Jazz returns to the Old Fire Hall following the launch of new community funding model
Rumors are true, Jazz has returned to the Old Fire Hall in Rossland!
After many years languishing empty, the historic Fire Hall was filled with anticipation on November 14th as patrons awaited the return of the much loved Old Fire Hall Trio. Candlelight created dancing shadows on the timbers, reflections in the large windows, and as the first cords of jazz reached out to fill the Hall it illuminated the smiles of both those who remembered the space, and those experiencing it for the first time.
How this sold out community event came to life is a bit unconventional.
Appreciating the opportunity to requite the community’s requests for jazz events, event coordinator Amber Hayes met with local jazz legend Tony Ferraro to establish a tentative lineup of 10 Friday night performances between November and March to bring magic back to the Hall. The story now takes a turn.
Instead of gambling on whether the line-up, price and ideas were right and going straight to selling tickets per event, the organizer instead chose to ask the intended buyers first—and then schedule the event!
The jazz series was published online and using a locally-owned crowdfund platform. The community was invited to demonstrate interest in the project by purchasing passes for either 5 or 10 nights at a discount rate. The response was overwhelming, with the $6000 goal (representing 40 of the potential 100 attendees) being surpased by almost $1000 in under seven days. Yes – they wanted Jazz Nights.
And it gets better, because the project manager is a Community Contribution Company, 60% of profits generated through its business activities are returned to the community. This means the community not only benefits from the Jazz nights, but in buying their tickets they help support non-profit organizations through community contributions.
A rather Jazzy win win win way to launch a project!
Event organizer and co-founder of basincrowdsource.com Amber Hayes comments:
“It is difficult for many rural towns to establish/fund a successful project in their communities. The model of the jazz nights is intended to be replicated in other regions and for a variety of projects. We drafted a project based on community feedback. We told the community we needed 40 people to commit to the 10 nights of the series in order to launch – they responded by buying 60.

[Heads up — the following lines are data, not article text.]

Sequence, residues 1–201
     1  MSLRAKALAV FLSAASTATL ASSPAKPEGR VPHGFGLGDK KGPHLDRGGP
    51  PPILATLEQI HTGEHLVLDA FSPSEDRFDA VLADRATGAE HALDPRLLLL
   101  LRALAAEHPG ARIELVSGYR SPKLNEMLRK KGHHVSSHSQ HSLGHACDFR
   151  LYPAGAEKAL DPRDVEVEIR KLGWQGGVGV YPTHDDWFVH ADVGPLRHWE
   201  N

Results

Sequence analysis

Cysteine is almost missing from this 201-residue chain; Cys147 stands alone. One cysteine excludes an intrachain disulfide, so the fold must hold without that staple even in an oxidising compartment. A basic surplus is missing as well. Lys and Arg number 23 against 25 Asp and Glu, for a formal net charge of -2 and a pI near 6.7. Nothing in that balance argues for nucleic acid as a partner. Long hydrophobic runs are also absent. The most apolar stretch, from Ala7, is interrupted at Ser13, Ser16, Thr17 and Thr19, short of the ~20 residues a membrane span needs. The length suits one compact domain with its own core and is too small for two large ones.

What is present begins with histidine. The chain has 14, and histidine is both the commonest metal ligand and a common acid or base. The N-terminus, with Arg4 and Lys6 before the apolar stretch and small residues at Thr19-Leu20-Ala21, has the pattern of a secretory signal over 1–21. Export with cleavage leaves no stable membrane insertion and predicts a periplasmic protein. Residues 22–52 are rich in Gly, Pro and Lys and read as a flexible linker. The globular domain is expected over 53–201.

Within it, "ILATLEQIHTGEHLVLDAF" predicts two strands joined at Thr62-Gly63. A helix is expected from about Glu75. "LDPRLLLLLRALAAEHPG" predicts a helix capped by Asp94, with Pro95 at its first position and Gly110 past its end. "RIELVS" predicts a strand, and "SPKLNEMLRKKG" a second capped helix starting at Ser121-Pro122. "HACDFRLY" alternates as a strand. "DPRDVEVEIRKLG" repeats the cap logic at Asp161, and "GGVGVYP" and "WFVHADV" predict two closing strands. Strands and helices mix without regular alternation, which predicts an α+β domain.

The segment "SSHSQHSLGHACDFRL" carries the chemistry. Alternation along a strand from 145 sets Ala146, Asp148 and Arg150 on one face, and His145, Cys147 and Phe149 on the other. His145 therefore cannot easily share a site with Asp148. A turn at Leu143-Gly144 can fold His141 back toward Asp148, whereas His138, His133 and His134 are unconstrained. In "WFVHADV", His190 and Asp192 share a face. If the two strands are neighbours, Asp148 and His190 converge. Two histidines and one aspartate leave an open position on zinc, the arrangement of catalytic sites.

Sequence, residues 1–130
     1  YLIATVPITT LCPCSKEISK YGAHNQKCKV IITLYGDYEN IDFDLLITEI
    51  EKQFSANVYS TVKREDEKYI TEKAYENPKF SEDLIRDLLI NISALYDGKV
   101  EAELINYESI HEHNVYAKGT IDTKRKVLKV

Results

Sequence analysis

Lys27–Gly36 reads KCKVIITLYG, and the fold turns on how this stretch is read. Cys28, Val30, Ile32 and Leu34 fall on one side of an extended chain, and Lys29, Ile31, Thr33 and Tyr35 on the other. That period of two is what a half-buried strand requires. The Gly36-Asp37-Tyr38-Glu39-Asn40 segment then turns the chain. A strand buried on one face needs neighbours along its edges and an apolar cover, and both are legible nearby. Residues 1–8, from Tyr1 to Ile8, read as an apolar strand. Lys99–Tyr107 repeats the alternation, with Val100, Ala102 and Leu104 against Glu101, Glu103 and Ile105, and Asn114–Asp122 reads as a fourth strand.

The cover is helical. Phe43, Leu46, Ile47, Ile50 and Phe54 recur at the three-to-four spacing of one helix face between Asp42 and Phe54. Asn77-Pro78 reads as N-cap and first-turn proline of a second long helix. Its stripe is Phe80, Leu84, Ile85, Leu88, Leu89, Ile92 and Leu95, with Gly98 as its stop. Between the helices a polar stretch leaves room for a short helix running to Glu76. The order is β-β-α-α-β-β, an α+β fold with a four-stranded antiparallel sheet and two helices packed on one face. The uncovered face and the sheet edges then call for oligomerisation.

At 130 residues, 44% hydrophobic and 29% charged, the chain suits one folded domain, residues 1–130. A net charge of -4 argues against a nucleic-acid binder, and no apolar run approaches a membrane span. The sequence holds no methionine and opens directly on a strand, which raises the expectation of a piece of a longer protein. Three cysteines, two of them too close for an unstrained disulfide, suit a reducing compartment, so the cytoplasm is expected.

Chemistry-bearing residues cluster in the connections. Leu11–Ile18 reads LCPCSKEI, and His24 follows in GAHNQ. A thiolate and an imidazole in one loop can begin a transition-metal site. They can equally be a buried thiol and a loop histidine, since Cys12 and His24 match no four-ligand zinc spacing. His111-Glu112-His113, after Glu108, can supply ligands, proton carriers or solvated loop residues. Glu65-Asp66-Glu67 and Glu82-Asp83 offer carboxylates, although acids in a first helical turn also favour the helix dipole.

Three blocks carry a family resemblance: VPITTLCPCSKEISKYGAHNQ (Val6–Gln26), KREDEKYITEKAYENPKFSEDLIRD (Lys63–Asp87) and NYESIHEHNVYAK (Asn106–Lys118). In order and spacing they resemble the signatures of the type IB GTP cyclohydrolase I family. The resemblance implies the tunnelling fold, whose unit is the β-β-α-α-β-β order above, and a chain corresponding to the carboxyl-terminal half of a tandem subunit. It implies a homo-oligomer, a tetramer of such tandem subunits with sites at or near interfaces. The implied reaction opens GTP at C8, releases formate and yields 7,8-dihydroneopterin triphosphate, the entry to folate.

“This translates into the ability of the organizers to directly move forward in executing the jazz nights. It makes it so much easier as a project manager to be able to use a tool like this to build support for a project or program instead of investing and launching something without any tangible support. We were also able to do this without any grants yet return funds to non-profits.
“It was very rewarding to see the community rally around this project. I hope to support other communities in using this platform to support their unique projects or community’s needs. With the establishment of platforms like Kickstarter and GoFundMe we felt it valuable to offer a similar tool to local organizations, but retain dividends in our communities instead of outside our region.
“I am looking forward to more Jazz nights and events in the Old Fire Hall, and I thank the community for making it happen – this Jazz night series belongs to them and will be a great celebration every night music and crowds again fill the Hall.“
Hayes limited the project from selling out only on pre-sold passes so a few seats would be available for people visiting the area and/or those able to attend only one or two nights because they felt everyone should be able to have the opportunity to experience both the amazing ambiance and performances this space offers. Approximately 20 tickets will be available online the Monday prior to the remaining shows.
Interested individuals should visit the website to sign up for ticket alerts and/or join the Facebook group. Links on how communities can use crowdsourcing to launch new projects are also available on the website.